Bank Leumi, Israel’s biggest lender by market capitalization, on Tuesday named Hanan Friedman as its new CEO, choosing a lawyer who only joined the banking industry five years ago.
Friedman, 48, and now head of Leumi’s strategy, innovation, and transformation division, will take over from Rakefet Russak-Aminoach by the end of the year. Leumi said its board had approved the appointment, but it still needed confirmation from the Bank of Israel.
His appointment fills the last of three openings for top jobs at Israeli banks after Dov Kotler was named CEO of Bank Hapoalim and Uri Levin CEO of Israel Discount Bank in June.
Married, religious and the father of four, Friedman received his law degree from Bar-Ilan University and was a practicing lawyer with the firm Lipa Meir & Company from 1999 to 2005. He then became legal adviser to Yair Hamburger, the CEO of insurance company Harel, where he gradually assumed a key role in the company.
He became head of Leumi’s legal division in 2014. Even though he wasn’t Russak-Aminoach’s first choice for the job, he gradually won her support and played a critical role in settling the U.S. investigation into the bank’s role in helping American clients evade taxes.
Two years ago, Friedman was named head of Leumi’s strategy and regulatory division and quickly assumed wider authority and a more expensive title.
He had a hand in almost every major undertaking the bank made, including the 2.5 billion shekel ($710 million) sale of its Leumi Card credit card unit to the U.S. private equity fund Warburg Pincus last year.
Friedman also played a major role in Leumi’s overseas operations, and the sale of a 15% stake in its Leumi USA unit last year to Endicott Management and MSD Capital.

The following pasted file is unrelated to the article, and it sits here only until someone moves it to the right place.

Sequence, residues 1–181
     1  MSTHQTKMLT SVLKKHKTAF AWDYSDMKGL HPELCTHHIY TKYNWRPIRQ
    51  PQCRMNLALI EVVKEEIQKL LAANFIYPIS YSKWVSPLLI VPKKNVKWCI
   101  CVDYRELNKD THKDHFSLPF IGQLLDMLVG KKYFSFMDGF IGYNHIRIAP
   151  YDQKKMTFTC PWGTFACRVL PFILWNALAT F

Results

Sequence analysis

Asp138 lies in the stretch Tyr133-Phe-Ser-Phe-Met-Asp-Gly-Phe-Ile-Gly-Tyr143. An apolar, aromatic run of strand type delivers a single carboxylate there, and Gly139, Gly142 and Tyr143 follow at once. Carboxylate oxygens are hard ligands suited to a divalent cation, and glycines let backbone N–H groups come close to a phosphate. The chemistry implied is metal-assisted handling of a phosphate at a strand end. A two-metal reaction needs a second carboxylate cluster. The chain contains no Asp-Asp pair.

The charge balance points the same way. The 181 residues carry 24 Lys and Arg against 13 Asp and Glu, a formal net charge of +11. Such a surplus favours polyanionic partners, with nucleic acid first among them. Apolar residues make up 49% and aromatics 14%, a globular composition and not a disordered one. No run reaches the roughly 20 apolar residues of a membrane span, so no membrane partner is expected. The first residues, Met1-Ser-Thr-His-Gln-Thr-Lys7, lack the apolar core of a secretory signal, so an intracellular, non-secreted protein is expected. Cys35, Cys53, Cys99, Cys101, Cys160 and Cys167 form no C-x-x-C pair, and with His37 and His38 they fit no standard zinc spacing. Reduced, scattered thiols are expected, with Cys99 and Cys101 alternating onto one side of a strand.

Banking sources on Tuesday applauded the appointment, pointing to Friedman’s business experience and ability to make decisions. However, some warned that in an era when banks are facing immense challenges on the technology front, Friedman had little direct expertise.
Nor, they noted, has he even been a banker or served in either of Leumi’s two key divisions – business/commercial lending or retail banking. Friedman, they said, has never directly managed more than a few-score staff, but will now be heading at bank with 9,000 employees.
“Like every other candidate, Friedman isn’t perfect and he has never been involved in bank lending,” said one source who asked not to be named. “But in the current environment, even the most experienced CEO in the world can’t manage a big organization like Leumi alone.”
Unlike Kotler at Hapoalim, Friedman will be at the helm of a bank with excellent metrics. Leumi’s market cap is 37 billion shekels, 2.5 billion more than its biggest rival, Hapoalim. In an era of super-low interest rates, Leumi earns a 10% return on its equity. It pays out 40% of profits as a dividend. Meanwhile, its Pepper digital bank has put it at the forefront of Israeli banks transitioning to a new, more online era.
Friedman can also expect that his top managers will remain in place, giving him a depth of banking experience he will need to rely on. Three senior managers left the bank in 2018-19, but no further departures are anticipated.
Still, Friedman faces challenges. Leumi needs to expand and upgrade Pepper in the Israeli market. It also plans to bring Pepper to the U.S. He also faces the task of reconfiguring the bank’s credit card business after the sale of Leumi Card, and a decision whether to conduct an initial public offering of Leumi USA or sell another stake.
Leumi’s search committee, which was formed in June after Russak-Aminoach announced she was leaving and was headed by Leumi’s new chairman, Samer Haj Yehia, retained a foreign head hunter to identify Israeli expats as possible CEOs.
The effort failed to produce a candidate. The final list came down to Shmulik Arbel, who is head of the corporate division; Ronen Agassi, head of capital markets; Michal Abadi-Boiangiu, a former treasury accountant general; and Avner Mendelson, the CEO of Leumi USA.
Mendelson dropped out of contention after his wife said he would prefer to stay in New York.
In any case, the job would have meant a pay cut for him: As CEO of the bank’s American unit he is not subject to the pay cap Israel has imposed on financial-service executives and gets a seven million shekel salary, far more than he would have gotten as Leumi CEO.
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